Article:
I think we are very lucky to have people who can think repeatedly about these minute details, and test things cleanly and publish their findings.
They push our collective knowledge forward, about our bodies, and about our mental health.
This area of our gut health influencing our emotions fascinates me.
Depression and anxiety, for instance, are frequently accompanied by gastro-intestinal disorders and inflammation in the gut.
Constipated, acid reflux? How are you feeling?
Is it possible to fully heal your mood disorder if your gut is unhealthy? That is a fantastic question.
Autism and gastro-intestinal disorders are a fascinating subject.
Probiotics have actually been shown to alleviate some symptoms of mood disorders and autism.
When my son was young and diagnosed, I read a lot about eliminating cereal and milk--but those were his staple foods! There was so much I did not know and was not willing to change.
I am my own case study.
Which means, my story is not evidence enough for anyone to do as I do.
When I was overeating regularly, using food and sugar, I felt terrible.
Did I feel terrible first?
Or did it start in the gut and my behaviors built onto a condition that was already there?
Compounding one over the other...
For a while now, I've been eating less, living more, taking a daily probiotic, and eating three prunes a day.
I occasionally have things like no-sugar yogurt, sauerkraut, kimchi, pickles, and kombucha.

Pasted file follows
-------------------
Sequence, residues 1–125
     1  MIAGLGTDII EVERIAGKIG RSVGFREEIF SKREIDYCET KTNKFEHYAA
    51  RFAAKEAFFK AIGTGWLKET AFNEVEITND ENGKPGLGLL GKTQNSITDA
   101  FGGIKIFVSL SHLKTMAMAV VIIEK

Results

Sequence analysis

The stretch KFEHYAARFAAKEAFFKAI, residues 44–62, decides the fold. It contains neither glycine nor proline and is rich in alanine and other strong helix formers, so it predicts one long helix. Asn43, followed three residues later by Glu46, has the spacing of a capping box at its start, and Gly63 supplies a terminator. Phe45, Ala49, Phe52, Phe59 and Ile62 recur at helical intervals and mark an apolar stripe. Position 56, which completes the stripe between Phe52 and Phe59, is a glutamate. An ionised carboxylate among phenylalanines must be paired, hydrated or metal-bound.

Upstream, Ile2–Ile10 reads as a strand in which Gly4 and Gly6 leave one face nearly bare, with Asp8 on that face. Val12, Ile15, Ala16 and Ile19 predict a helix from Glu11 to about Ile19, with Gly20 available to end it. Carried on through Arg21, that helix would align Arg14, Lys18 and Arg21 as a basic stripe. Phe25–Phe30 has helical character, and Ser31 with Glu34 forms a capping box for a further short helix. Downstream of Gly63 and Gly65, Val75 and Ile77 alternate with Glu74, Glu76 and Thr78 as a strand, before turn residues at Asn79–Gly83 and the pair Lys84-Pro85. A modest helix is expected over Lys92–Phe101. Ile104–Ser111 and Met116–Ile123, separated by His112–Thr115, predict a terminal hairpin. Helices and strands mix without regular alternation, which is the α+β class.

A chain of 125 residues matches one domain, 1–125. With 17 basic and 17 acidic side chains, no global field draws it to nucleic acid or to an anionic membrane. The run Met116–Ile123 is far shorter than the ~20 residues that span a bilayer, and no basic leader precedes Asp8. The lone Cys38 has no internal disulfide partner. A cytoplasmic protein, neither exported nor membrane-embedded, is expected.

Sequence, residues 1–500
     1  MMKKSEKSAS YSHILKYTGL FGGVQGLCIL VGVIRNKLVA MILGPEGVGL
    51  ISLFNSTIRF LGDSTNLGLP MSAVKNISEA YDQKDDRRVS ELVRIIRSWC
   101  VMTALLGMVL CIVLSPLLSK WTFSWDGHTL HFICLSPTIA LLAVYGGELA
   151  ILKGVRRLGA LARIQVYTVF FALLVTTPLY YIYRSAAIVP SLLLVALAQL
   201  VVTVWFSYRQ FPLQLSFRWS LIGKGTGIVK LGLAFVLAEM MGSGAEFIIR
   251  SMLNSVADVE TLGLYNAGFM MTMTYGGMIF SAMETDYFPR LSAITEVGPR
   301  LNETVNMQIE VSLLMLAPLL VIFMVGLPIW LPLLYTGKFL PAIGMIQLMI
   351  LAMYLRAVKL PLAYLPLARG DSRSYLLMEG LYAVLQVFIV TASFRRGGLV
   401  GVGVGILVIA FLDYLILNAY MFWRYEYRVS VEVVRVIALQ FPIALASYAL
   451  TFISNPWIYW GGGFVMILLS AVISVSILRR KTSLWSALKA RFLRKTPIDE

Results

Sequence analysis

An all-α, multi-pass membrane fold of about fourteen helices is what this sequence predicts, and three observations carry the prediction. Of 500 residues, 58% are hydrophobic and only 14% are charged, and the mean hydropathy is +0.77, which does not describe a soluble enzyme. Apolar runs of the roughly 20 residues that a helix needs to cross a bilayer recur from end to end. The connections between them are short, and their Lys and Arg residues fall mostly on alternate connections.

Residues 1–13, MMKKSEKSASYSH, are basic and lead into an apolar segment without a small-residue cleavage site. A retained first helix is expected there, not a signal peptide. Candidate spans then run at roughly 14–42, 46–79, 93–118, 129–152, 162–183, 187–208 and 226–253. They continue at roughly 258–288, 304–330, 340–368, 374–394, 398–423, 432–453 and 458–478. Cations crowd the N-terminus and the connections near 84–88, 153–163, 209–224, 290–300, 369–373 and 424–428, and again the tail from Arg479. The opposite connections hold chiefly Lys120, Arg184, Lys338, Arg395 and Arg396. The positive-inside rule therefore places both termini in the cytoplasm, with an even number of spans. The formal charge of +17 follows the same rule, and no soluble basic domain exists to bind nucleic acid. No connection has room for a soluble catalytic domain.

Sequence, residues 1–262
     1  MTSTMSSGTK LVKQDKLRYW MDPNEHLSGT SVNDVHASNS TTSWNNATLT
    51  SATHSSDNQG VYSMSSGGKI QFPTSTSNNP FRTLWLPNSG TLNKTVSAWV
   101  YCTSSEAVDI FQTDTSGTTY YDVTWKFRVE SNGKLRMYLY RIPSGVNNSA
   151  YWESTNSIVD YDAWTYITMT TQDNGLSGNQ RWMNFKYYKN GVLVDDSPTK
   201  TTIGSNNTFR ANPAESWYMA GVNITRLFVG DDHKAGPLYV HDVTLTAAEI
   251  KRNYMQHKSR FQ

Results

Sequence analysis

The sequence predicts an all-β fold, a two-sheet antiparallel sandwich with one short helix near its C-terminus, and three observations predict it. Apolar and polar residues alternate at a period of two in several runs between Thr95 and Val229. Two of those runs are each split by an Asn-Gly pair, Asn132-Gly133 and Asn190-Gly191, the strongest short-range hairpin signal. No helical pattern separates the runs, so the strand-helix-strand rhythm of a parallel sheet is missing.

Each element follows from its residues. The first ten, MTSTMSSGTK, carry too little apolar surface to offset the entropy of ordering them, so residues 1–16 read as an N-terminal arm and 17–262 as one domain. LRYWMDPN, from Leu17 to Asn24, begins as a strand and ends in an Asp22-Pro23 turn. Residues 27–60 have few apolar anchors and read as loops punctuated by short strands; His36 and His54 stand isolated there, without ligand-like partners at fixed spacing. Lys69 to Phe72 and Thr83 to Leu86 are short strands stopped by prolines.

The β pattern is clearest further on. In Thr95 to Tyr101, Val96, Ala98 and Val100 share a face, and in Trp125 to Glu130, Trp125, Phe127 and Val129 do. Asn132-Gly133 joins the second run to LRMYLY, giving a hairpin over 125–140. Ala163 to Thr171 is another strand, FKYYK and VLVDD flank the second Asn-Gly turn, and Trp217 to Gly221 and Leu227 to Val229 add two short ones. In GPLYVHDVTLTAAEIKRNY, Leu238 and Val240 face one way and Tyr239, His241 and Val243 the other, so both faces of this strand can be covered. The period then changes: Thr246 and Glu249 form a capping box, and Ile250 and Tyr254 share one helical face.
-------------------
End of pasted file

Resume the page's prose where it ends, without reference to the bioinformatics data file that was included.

These have been shown to help balance out the microbiome.
But, if we took the 7 large buildings in my complex, 120 apartments in each, and asked one person in each apartment to take a probiotic and 3 prunes every day and change nothing else... and then asked them after 90 days if they felt a significant change in mood?
Would that ever happen?
The funding alone would be an issue to squash the study.
Paying for the probiotic, delivering the capsule every morning.
Assessing results through nightly or weekly journaling and interviews of 840 people.
But what if it did help them? What if this entire complex was filled with 840 "happier" people?
Maybe half of them would take a probiotic regularly afterwards--or maybe only 30%.
That's 252 happier folks.
But would the study itself change anything?
A company or health organization would need mass marketing for the concept of taking a probiotic.
Like the smoking ads when I was a kid--Marlboro man. Women smoking over coffee while their kids were in school. Even children with cigarette candy sticks.
Today's Deep Breath: here's a practical juju nugget, a collective Next Best Decision.
This is who we are.
Generally, a human brain has to hear something 7 times before it can accept it as truth.
Repeated messaging costs a lot of money.
Consequently, the loudest messages we hear are not necessarily Good For Us.
Alas, that does not mean little subcultures are the way to go.
This is the point: we decide what we want, instead of taking external cues.
Do I want my boobies to not be contained on a beach with other people?
Do I want to store things in my home that give it the appearance of a Pottery Barn store?
Do I want to accept only pre-selected scientific studies that are manipulated into pitchy marketing packages?
I have a strong desire to not accept all the slogans.
I really want to think for myself.
And I do. Sometimes.
This process of making a decision, and filtering through all the presented ideas...even searching out answers to my own questions, is fulfilling.
I am using This Brain, and not relying on someone else's motivations.
What have we learned? Tankini tops and microbiome health.
With all the vices we choose to quiet our minds--it feels awesome to me this morning to be using mine.
It's just a blog. A writing exercise.
A chat on a couch.